Me, Boo, and the Goob traces the story of a ten year old receiving a cadillac. The tale winds and turns well with every chapter being a different slice of the author's life. Sometimes the chapter may lose sight of the ultimate goal, that cadillac, but never the fun in the journey. The writing style reminded me a lot of Earnest Gaines, A Gathering of Old Men, even though the material was very different. I loved the prose and felt comfortable seeing the small town life through the eyes of William. His best friend, Boo, was a bit more initiative than say, Rowley on Diary of a Wimpy Kid . Maybe closer to Paul Pfieffer of the Wonder Years. There are tales of ghosts, explosions, guns, and fires to keep you turning each page. And like any good brother, William doesn't miss a chance to blame the Goob, his younger brother for his mistakes while also showing he clearly loves his sibling.  I read the book in two days and enjoyed the ride almost as much as I would a ride in a pink caddy.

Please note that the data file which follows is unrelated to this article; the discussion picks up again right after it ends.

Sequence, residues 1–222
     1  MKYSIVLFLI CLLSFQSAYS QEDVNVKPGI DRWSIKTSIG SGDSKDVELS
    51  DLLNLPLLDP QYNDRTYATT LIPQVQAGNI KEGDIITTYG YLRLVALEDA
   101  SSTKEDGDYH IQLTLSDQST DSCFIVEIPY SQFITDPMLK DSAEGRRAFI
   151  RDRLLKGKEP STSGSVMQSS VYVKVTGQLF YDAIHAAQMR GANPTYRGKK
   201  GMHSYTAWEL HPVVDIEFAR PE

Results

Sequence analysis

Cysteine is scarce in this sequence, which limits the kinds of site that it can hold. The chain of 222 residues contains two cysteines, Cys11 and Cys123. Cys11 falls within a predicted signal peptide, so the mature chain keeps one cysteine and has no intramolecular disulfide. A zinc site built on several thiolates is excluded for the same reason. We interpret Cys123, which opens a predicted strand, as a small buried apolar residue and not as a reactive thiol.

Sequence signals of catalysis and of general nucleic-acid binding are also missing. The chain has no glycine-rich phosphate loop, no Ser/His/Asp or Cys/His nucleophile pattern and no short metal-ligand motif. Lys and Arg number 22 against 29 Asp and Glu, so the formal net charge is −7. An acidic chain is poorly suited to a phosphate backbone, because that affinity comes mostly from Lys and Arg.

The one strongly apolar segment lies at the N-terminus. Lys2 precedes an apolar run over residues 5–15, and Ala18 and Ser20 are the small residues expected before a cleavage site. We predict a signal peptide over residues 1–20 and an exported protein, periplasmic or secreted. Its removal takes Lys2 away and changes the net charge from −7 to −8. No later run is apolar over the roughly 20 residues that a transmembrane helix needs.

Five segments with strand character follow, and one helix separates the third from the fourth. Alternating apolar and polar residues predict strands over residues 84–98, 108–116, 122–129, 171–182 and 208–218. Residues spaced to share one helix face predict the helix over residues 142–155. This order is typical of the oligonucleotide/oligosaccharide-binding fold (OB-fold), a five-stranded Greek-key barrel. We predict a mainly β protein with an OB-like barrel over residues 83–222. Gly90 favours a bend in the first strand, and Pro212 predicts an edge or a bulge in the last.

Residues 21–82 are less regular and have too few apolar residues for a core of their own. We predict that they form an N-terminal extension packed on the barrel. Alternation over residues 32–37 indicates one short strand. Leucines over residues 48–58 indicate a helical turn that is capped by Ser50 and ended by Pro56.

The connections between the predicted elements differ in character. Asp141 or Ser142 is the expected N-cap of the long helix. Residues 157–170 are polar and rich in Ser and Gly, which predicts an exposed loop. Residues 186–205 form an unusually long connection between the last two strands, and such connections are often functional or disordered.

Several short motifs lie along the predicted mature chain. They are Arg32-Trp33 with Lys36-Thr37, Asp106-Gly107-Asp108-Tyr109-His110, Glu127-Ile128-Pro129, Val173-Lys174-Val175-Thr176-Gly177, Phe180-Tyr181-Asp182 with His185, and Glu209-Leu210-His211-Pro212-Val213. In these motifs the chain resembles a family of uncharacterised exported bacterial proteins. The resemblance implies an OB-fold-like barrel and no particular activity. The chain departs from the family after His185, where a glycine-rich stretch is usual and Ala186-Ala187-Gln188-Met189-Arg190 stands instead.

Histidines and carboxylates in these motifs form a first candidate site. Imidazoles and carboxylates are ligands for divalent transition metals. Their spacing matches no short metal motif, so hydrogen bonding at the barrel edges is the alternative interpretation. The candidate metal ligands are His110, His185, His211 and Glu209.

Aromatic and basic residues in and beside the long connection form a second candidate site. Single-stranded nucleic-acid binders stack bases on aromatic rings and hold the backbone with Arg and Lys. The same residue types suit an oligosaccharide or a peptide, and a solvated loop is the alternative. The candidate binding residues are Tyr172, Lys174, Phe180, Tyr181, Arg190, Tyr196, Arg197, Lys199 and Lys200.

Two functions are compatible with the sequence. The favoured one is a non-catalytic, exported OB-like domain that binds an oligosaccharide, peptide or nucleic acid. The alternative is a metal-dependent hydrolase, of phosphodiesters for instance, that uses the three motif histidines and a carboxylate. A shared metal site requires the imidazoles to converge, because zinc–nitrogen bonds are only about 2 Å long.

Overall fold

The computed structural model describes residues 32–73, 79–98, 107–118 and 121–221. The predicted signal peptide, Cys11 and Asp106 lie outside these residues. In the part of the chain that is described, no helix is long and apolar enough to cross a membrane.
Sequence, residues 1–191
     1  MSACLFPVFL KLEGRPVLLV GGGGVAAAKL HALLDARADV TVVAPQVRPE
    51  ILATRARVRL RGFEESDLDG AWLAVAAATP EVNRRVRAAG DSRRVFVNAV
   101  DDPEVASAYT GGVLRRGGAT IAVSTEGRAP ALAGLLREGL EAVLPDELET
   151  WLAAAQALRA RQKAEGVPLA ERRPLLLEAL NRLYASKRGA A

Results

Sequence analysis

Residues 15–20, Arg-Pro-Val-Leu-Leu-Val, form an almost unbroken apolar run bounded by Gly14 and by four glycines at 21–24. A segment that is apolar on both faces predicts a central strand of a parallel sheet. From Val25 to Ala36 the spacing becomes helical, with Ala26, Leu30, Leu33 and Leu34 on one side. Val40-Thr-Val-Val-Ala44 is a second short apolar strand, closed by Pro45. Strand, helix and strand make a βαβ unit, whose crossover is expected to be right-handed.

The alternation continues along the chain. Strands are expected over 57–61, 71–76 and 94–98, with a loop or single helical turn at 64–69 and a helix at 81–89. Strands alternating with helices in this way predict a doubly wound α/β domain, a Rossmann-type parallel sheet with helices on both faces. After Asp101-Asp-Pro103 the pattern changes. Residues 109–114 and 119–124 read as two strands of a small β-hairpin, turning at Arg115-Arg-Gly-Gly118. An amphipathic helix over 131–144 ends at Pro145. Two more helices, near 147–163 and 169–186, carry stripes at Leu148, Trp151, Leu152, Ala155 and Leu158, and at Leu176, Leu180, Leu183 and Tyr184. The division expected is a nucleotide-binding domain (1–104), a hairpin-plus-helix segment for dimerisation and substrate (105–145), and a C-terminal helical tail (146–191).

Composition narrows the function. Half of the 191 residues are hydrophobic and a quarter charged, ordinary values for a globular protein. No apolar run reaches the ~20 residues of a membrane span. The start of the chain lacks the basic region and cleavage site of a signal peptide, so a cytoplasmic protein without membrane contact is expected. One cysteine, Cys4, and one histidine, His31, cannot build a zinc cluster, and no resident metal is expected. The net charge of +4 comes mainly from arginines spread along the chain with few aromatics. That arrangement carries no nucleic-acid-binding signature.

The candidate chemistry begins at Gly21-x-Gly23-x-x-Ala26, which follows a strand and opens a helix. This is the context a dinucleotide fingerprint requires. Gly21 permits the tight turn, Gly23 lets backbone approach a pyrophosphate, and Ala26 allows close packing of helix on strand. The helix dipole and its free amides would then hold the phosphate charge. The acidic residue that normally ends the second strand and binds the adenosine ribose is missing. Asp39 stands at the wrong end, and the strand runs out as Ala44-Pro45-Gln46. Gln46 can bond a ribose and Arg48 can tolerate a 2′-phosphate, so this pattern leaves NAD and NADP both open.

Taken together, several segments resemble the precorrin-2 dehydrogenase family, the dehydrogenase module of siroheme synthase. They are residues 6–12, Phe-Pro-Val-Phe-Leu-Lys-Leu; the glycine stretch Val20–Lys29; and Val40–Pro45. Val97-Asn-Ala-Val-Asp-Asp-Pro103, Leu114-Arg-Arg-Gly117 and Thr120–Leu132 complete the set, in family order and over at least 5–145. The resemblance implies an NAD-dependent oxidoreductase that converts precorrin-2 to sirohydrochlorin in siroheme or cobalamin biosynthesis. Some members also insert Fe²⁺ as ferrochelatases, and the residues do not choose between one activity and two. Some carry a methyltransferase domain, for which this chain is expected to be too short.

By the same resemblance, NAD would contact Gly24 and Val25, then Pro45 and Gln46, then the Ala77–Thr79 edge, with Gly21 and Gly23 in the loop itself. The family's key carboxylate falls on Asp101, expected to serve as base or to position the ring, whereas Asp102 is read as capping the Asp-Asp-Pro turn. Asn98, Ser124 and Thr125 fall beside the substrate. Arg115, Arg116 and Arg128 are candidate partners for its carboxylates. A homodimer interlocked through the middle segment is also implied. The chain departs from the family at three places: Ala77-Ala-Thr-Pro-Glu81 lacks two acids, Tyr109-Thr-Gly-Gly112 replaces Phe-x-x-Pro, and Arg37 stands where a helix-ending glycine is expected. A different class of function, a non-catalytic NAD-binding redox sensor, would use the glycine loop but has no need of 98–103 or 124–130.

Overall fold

Those were my thoughts as I read your book. Overall, it was a very enjoyable memoir. Can you tell us a little about yourself and what led you to start writing this account?

When I was in 3rd Grade, my allergies were so bad I could not go outside at recess.  In the winter, my fingertips would split and crack from the dry cold air.  So instead of going outside to play for a while, my teacher used to send me to the library.  I read.  I read everything I could get my hands on.  I read Thirty Seconds Over Tokyo.  I read Great Expectations.  I discovered Edgar Allen Poe and Mark Twain.  I read the entire World Book Encyclopedia A through Z.   

 

"Some folks wait for inspiration to strike.   
Writers sit down and just go to work."

 

 


I used to thumb through the Encyclopedia as a kid. I think most houses had a set. But I never read through it! That is incredible.


For a book report once, I tried to turn in a book report on World Book’s Book ‘T’.

I bet you really developed a deep knowledge of history.